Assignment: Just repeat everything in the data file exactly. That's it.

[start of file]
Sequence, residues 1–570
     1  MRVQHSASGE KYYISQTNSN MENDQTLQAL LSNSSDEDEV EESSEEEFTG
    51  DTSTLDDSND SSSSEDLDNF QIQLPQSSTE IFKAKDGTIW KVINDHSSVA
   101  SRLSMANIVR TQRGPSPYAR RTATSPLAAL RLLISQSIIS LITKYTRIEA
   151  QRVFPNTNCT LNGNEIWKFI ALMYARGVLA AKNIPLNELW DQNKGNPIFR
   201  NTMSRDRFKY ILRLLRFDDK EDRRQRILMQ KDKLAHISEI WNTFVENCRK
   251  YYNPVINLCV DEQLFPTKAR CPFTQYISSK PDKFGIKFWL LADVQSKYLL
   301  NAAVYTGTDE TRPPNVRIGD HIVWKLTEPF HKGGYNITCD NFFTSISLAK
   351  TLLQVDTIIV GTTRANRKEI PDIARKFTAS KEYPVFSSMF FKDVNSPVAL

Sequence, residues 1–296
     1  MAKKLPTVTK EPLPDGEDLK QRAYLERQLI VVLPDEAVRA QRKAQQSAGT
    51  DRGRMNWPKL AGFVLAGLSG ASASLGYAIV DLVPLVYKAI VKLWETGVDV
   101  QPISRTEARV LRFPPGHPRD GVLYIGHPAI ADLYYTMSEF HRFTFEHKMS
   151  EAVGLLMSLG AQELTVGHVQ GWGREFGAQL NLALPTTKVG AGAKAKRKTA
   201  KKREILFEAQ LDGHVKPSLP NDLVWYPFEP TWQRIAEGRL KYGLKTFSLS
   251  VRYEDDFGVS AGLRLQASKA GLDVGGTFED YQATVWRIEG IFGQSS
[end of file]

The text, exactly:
Sequence, residues 1–570
     1  MRVQHSASGE KYYISQTNSN MENDQTLQAL LSNSSDEDEV EESSEEEFTG
    51  DTSTLDDSND SSSSEDLDNF QIQLPQSSTE IFKAKDGTIW KVINDHSSVA
   101  SRLSMANIVR TQRGPSPYAR RTATSPLAAL RLLISQSIIS LITKYTRIEA
   151  QRVFPNTNCT LNGNEIWKFI ALMYARGVLA AKNIPLNELW DQNKGNPIFR
   201  NTMSRDRFKY ILRLLRFDDK EDRRQRILMQ KDKLAHISEI WNTFVENCRK
   251  YYNPVINLCV DEQLFPTKAR CPFTQYISSK PDKFGIKFWL LADVQSKYLL
   301  NAAVYTGTDE TRPPNVRIGD HIVWKLTEPF HKGGYNITCD NFFTSISLAK
   351  TLLQVDTIIV GTTRANRKEI PDIARKFTAS KEYPVFSSMF FKDVNSPVAL

Sequence, residues 1–296
     1  MAKKLPTVTK EPLPDGEDLK QRAYLERQLI VVLPDEAVRA QRKAQQSAGT
    51  DRGRMNWPKL AGFVLAGLSG ASASLGYAIV DLVPLVYKAI VKLWETGVDV
   101  QPISRTEARV LRFPPGHPRD GVLYIGHPAI ADLYYTMSEF HRFTFEHKMS
   151  EAVGLLMSLG AQELTVGHVQ GWGREFGAQL NLALPTTKVG AGAKAKRKTA
   201  KKREILFEAQ LDGHVKPSLP NDLVWYPFEP TWQRIAEGRL KYGLKTFSLS
   251  VRYEDDFGVS AGLRLQASKA GLDVGGTFED YQATVWRIEG IFGQSS